Last month, the Police Federation of England and Wales, representing rank-and-file police officers, overwhelmingly voted no confidence in the home secretary, Priti Patel. Their statement declared that the government “cannot be trusted”.
The vote took place after the Tories announced that officers earning £24,000 or more would have their pay frozen. With inflation increasing, this is a real-terms pay cut.
It has really come to something when even the police, the attack dogs of the establishment, come out against the government.
Priti Patel will be left wondering how much she can rely on officers to police strikes and demonstrations against pay cuts, when those same officers have no-confidenced her for that very reason.
This time last year, a government-commissioned report said that poverty, joblessness, inequality, the health crisis, and hostility towards the police are creating the perfect storm for civil unrest and rioting – just as was seen a decade ago with the riots that swept across Britain in the wake of the police murder of Mark Duggan.
The removal of COVID restrictions might provide the ruling class with some temporary breathing space. But as capitalism lurches from one crisis to the next, this mood of anger will return – intensified, and on a higher level.
The Tories have shattered police morale, cut their pay, and will soon be sending them to face off against workers and youth expressing the exact same rage that many police officers are now feeling.
This is a blunder by the Johnson government. Boris’ most infamous predecessor, Margaret Thatcher, made it one of her first acts upon becoming prime minister to increase police pay by 45%. She knew that big battles between the ruling class and the working class were coming, for which she needed the reliable support of the police.
Johnson and Patel are faced with the same – if not greater – risk of social unrest and class struggle. But they have chosen this moment to cut police pay and incur the wrath of officers. This will not be comforting to those elements of the British establishment who see Johnson as an unreliable loose cannon.
Hammer and the anvil
Whichever way the Tories turn, they’re in trouble. The huge economic crisis sparked by the pandemic has seen government debt skyrocket. Last year, UK government borrowing reached 14.5% of GDP – the highest level ever outside of a war.
Despite previous assurances promising the ‘end of austerity’, the reality is that the bill for the coronavirus crisis is now being presented. And this means that the government is forced to try and reduce public spending wherever it can.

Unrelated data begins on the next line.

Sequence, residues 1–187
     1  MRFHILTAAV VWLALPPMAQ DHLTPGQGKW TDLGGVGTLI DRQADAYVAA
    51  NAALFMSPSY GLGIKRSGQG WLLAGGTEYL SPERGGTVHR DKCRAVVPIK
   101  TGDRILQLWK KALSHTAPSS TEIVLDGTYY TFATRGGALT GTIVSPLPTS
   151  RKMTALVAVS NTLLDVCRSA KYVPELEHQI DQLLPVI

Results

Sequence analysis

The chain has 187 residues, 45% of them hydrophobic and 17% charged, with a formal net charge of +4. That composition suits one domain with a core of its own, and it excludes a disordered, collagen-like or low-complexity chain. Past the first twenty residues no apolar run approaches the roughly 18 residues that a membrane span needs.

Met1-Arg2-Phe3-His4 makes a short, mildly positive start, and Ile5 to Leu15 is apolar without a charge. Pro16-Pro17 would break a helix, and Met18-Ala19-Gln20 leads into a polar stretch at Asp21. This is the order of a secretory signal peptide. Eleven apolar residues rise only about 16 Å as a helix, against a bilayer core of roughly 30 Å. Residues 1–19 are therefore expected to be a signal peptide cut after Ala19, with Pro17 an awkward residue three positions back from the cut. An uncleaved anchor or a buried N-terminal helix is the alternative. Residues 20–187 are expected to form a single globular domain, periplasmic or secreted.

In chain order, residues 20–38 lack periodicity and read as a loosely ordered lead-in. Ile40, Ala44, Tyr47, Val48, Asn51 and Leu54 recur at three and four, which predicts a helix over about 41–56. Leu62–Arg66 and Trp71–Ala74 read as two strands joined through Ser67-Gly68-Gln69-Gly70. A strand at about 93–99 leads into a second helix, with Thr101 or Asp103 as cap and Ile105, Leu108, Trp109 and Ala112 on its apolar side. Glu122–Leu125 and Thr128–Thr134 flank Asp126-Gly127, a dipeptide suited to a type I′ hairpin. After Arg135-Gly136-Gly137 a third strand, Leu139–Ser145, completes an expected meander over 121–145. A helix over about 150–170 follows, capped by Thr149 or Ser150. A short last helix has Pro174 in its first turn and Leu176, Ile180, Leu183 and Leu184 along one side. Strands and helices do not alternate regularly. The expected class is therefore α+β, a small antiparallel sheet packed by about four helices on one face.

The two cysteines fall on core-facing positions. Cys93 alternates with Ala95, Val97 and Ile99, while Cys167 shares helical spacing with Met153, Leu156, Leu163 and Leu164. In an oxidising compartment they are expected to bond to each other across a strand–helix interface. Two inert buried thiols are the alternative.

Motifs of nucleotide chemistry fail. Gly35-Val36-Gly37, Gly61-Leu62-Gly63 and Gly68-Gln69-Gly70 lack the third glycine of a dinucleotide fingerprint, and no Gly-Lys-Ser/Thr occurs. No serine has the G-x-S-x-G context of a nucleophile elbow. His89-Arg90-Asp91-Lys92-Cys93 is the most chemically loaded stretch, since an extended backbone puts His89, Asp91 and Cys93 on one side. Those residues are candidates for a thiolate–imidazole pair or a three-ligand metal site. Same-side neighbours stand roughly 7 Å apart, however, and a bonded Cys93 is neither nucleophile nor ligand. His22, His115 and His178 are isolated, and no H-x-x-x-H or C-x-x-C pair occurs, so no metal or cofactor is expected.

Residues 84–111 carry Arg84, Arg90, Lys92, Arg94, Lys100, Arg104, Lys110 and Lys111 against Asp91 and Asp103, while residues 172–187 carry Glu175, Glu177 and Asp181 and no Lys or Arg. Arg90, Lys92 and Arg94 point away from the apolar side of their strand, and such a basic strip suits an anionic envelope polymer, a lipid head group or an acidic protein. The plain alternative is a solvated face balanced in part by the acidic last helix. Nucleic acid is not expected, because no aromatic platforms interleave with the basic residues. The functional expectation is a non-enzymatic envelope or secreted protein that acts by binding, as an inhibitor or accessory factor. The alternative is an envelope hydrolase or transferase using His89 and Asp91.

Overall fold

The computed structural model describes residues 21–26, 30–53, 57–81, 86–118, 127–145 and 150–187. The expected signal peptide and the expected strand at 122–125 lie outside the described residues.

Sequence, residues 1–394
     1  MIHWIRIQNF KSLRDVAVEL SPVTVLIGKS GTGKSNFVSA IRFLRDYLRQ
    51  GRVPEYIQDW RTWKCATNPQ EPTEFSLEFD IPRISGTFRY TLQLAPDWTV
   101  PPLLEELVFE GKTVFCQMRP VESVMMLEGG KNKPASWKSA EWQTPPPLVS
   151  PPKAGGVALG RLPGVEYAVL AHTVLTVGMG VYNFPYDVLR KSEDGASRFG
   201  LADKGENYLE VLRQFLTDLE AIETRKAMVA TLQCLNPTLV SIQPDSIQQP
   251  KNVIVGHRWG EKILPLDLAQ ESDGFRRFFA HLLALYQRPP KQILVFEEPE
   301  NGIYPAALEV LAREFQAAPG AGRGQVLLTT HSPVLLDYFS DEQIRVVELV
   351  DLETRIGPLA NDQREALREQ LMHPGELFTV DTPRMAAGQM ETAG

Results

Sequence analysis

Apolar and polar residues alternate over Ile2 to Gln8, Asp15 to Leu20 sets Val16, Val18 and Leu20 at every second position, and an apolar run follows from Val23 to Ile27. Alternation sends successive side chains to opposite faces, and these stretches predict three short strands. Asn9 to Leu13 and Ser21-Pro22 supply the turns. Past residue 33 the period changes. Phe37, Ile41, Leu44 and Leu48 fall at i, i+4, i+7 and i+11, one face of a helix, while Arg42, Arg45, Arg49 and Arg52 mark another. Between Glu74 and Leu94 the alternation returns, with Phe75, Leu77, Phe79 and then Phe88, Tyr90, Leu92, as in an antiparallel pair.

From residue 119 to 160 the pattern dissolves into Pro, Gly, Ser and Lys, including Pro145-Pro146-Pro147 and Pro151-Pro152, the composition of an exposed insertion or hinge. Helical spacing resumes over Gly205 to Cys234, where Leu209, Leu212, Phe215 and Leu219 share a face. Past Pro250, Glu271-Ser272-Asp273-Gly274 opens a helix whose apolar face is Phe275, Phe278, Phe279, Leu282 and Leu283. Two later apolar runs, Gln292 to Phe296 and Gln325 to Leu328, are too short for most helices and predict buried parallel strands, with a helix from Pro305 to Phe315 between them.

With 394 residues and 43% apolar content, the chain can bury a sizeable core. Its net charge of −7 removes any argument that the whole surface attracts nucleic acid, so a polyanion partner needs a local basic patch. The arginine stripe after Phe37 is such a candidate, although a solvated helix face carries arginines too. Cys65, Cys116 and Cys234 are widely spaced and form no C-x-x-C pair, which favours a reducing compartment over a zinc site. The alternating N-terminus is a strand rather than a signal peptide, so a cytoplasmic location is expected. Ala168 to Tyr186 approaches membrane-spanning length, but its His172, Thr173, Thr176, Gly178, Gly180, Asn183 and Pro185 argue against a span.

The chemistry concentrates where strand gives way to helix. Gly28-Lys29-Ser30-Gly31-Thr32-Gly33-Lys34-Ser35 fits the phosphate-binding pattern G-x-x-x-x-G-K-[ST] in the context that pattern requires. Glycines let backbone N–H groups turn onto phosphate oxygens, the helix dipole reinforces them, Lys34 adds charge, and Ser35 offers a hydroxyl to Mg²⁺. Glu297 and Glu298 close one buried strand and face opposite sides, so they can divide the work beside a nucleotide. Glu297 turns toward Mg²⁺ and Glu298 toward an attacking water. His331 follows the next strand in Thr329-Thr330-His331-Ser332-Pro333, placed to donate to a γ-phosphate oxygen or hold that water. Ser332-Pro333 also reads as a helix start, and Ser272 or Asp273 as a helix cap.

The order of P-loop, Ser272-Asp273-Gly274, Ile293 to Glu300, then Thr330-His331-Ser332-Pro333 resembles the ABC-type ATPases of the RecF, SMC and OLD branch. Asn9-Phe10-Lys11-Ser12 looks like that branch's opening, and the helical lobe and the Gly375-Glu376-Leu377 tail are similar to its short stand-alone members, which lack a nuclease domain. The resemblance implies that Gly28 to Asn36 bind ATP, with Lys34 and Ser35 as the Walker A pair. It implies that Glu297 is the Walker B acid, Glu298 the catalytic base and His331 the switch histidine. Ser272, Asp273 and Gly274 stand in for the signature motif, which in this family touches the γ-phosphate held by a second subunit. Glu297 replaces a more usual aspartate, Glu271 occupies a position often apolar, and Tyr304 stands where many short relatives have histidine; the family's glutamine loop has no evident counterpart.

But in their efforts to re-establish some economic stability, the Tories are introducing a huge source of social instability: the loss of police confidence in the government.
In short, Boris Johnson and his ministers are caught between the hammer blows of economic crisis, and the anvil of social unrest.
Notice of the pay freeze was accompanied by announcements designed to reassert the Tories as the ‘Party of Law and Order’, including the reintroduction of what Johnson termed “fluorescent-jacketed chain gangs” of minor offenders picking up litter.
This is the latest in a grotesque bidding war between the Tories and Keir Starmer to see who can best appease the reactionary press through chest-beating and posturing on the issue of crime.
Back in May, Starmer asserted that “a vote for Labour is a vote for law and order”. He wants to see more prosecutions and more money for the police.
What Starmer doesn’t understand is that, while ordinary people don’t want to live in fear of crime, they have little confidence in the police to deal with it. According to YouGov polling in May 2021, 44% of people have little or no confidence in the police to deal with crime. Among young people under 24, this figure increases to 53%.
The Black Lives Matter movement and the murder of Sarah Everard have highlighted the racism and sexism that is intrisic within the police, and that has fuelled the distrust towards this arm of the state. This mood is part of the general anger that exists against the rich, the bosses, and the politicians.
Instead of connecting with this mood among working-class people, Starmer has set himself up against it. He chases approval from the capitalist press for his Tory-lite policies, when Labour should be campaigning for crime to be tackled by alleviating poverty, providing free education, and investing in housing, healthcare, and rehabilitation programmes.
State in crisis
Millions of workers and young people have no confidence in the police. The police have no confidence in the government. The government does not have the confidence of important sections of the British ruling class.
The situation is a precarious one for the establishment. The conditions for an offensive by the labour movement are favourable.
With correct strategy and determined leadership, we could successfully topple this criminal government, and fight for socialist policies to defend workers and youth. This is what we should prepare for now.